Is an IRA for you: A discussion of the Roth and Traditional IRA
We hear of concerns about individuals getting near retirement and not being prepared and we also hear of concerns about Social Security. Can an individual retirement account help? Jeff Romine, partner, with the Financial Planners of Missouri, to discuss this topic.
Question: One hears about individuals nearing retirement being il-prepared. Can Individual Retirement Accounts be helpful?
Asnwer: We advocate that people have a plan for their retirement. It is not uncommon for individuals to spend more time planning a special trip than they spend time planning their entire financial future. We suggest the use of Individual Retirement Accounts inside of a plan for an individual or a couple.
Individual Retirement Accounts or IRAs are designed to help individuals save money for their retirement. This tool makes it possible for a person to plan for a time in their life when they are not working. Two IRAs are most common. The traditional IRA has been available for several decades, with the Roth IRA a more recent development.
Question: When should one start saving in an IRA?
Answer: One should start saving as early as possible. Although I believe that you should have an emergency fund, cash flow savings and a â??big ticket accountâ?? before starting on saving for retirement, it is important to start as early as one can to have earnings for a longer period of time.
If you are 20 years old and you save $50 per week, by age 65 you might have around $500,000, but if you wait until you are 30, to save $50 per week, you will have about half as much. This is partially due to compound interest. Albert Enstein referred to compound interest as the 8th wonder of the world.
Question: Who is eligible to contribute and how much can they contribute?
Asnwer: First, to be eligible you must have income from your own earnings such as wages or a salary. Or if you are married, your eligibility can be based on your spouses earnings. If you are under 50 your maximum contribution is $5,500 per year and if you are 50 or over that increases by $1,000. There are some restrictions on high income earners and people with defined benefit pensions. These individuals would want to talk to their tax advisors.
Question: How does an IRA work?
Answer: The two IRAs that are most common, Traditional or Roth, work quite differently. The traditional IRA provides an interesting opportunity. If you qualify and you make an IRA contribution, you can reduce your income and your income taxes for the year that you make the contribution and then years later, when you take a distribution from your IRA, you record the income and pay income taxes on the income, hopefully at a lower rate. The IRS requires that you start recognising income at the age of 70 1/2. So it might be beneficial to defer the income taxes to a later time, when perhaps you are in a lower tax bracket.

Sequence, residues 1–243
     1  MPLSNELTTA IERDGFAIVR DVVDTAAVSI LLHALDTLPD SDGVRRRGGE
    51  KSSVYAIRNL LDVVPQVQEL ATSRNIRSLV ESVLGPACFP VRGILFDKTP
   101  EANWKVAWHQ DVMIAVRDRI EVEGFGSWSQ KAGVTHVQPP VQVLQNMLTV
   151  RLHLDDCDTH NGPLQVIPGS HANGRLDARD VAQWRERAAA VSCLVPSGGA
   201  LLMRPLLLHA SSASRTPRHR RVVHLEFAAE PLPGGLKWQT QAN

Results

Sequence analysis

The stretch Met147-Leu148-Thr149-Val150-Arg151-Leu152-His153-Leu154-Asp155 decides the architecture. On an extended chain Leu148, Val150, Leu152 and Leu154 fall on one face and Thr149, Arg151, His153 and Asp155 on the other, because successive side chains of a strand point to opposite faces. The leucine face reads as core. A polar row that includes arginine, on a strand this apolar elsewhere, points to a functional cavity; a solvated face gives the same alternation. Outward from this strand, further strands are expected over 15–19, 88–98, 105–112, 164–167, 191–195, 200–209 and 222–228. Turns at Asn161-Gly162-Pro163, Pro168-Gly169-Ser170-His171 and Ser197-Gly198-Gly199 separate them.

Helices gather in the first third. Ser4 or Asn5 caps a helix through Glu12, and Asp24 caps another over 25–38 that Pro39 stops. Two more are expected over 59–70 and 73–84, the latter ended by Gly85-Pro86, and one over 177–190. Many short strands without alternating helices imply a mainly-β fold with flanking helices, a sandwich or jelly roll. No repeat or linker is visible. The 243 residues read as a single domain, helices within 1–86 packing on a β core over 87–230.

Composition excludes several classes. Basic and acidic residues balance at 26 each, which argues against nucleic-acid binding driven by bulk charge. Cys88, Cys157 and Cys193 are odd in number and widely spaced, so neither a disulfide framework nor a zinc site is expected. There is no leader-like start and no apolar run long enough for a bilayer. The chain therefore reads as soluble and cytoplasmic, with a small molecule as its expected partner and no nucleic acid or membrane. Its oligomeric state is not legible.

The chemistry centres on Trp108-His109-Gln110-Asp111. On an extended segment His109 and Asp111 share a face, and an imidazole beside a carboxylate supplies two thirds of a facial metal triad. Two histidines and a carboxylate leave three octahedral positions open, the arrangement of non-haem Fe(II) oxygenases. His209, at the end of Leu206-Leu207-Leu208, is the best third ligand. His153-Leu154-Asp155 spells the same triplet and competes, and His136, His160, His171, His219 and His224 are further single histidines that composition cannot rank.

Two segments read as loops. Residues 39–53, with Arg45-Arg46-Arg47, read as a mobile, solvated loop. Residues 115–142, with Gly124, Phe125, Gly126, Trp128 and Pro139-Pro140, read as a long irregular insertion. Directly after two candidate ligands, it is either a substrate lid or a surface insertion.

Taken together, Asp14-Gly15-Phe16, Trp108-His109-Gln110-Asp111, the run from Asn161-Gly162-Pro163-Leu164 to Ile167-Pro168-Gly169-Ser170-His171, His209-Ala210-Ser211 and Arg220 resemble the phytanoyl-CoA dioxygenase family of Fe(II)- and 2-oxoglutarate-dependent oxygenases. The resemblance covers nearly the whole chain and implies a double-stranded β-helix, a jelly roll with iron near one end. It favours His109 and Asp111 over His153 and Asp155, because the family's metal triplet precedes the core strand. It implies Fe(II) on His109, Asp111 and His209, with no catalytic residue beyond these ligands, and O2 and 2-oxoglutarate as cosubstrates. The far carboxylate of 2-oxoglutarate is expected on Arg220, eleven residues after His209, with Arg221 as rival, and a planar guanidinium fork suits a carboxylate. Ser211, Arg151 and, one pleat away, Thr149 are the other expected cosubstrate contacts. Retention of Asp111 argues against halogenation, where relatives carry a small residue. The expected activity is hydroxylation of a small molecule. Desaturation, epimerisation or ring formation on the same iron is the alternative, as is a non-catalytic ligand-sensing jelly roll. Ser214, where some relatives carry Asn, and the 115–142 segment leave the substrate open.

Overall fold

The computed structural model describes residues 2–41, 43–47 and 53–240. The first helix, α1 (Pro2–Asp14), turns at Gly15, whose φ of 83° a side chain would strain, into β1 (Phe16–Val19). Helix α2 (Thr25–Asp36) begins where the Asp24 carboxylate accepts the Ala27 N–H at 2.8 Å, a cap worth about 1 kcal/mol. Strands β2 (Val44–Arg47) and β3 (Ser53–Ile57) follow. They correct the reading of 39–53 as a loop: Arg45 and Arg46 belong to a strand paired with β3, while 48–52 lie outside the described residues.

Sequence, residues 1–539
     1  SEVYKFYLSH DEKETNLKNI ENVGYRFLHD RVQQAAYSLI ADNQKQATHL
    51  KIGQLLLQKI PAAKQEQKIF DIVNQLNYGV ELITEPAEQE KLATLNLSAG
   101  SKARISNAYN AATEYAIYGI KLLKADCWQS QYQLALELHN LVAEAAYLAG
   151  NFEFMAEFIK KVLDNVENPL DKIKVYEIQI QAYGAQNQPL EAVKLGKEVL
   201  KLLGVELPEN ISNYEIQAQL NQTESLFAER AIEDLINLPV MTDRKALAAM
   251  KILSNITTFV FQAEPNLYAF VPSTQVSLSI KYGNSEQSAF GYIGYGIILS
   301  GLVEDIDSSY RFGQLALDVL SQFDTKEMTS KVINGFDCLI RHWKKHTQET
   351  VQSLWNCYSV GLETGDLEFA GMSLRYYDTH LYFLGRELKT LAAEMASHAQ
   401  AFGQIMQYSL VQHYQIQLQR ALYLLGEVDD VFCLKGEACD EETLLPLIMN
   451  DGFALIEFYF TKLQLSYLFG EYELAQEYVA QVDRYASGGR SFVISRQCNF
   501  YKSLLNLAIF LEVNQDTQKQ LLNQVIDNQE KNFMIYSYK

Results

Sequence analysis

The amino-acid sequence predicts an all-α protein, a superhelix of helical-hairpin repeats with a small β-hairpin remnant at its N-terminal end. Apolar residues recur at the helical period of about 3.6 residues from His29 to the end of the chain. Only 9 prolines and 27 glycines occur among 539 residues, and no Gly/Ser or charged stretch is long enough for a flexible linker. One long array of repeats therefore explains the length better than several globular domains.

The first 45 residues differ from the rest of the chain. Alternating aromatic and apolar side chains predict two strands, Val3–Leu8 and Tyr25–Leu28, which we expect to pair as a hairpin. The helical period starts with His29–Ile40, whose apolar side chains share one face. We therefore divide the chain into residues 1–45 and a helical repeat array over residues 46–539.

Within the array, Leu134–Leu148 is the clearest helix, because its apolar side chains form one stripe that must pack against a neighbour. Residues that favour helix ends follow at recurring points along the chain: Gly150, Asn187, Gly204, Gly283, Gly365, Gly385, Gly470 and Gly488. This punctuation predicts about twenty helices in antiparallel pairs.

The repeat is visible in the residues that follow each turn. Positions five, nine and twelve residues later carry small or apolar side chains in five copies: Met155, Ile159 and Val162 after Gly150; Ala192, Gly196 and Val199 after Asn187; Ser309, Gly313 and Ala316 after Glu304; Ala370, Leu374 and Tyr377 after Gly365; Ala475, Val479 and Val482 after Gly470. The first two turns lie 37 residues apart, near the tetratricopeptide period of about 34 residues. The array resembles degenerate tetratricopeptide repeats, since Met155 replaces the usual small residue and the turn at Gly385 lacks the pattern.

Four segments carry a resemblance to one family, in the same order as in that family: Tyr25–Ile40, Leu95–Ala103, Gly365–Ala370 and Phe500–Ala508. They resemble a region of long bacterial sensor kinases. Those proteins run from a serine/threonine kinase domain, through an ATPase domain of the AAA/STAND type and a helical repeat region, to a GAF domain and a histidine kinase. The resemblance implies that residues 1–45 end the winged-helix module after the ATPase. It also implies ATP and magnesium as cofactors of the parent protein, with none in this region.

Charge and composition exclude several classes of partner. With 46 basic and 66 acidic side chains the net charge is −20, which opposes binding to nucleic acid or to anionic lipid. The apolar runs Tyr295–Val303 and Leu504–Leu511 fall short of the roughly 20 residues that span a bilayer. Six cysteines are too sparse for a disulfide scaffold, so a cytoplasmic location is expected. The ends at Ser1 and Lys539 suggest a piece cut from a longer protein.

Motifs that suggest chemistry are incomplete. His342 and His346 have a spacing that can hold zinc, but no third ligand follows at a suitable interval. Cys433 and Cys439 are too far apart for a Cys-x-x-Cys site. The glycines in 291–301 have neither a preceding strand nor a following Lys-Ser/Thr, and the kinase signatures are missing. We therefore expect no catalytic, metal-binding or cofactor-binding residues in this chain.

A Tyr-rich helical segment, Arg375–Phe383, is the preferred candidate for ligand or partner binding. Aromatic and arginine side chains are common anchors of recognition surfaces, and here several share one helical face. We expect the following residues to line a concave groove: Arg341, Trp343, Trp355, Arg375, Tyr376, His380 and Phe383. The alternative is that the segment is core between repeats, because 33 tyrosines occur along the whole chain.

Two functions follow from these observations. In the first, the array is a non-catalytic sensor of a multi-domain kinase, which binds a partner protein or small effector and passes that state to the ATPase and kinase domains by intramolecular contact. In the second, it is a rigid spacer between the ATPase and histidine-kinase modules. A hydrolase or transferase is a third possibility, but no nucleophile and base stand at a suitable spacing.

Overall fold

The Roth IRA is different, here you make a contribution after you have paid taxes on the money. Now in this case, when you take a distribution from the IRA, you will not have any taxes to pay on either the IRA or its growth. Both make it possible to use this vehicle as a means of saving for your retirement.
Typically it is best for those who expect to retire on less income to use a traditional IRA and those whose income is still growing, like younger workers, might benefit from a Roth IRA.
Question: What investments can one have in an IRA?
Answer: The phrase IRA is an IRS term to describe the tax status of an investment. Therefore almost any investment can reside in an IRA. This includes investments such as: CDs, mutual funds, shares of stock, and annuity contracts. Even real estate and other investments can be included with some effort. There is a relatively small list of items that you cannot invest in.
We always recommend that one consider their risk tolerance and time horizon before making any investment.
Question: Where would you go to make an investment in an IRA?
Answer: Wherever you can save or invest money, you can typically open an IRA. Some of the places include: banks, online banks and investment houses, and virtually all broker dealers.
We always recommend the importance of having an overall financial plan. This assures that your resources are allocated in a way that best serves your future needs.
Jeff Romine Ph.D., CPA, Investment Advisor Representative
Financial Planners of Missouri
110 S. Franklin
Kirksville, MO. 63501www.financialplannersofmissouri.com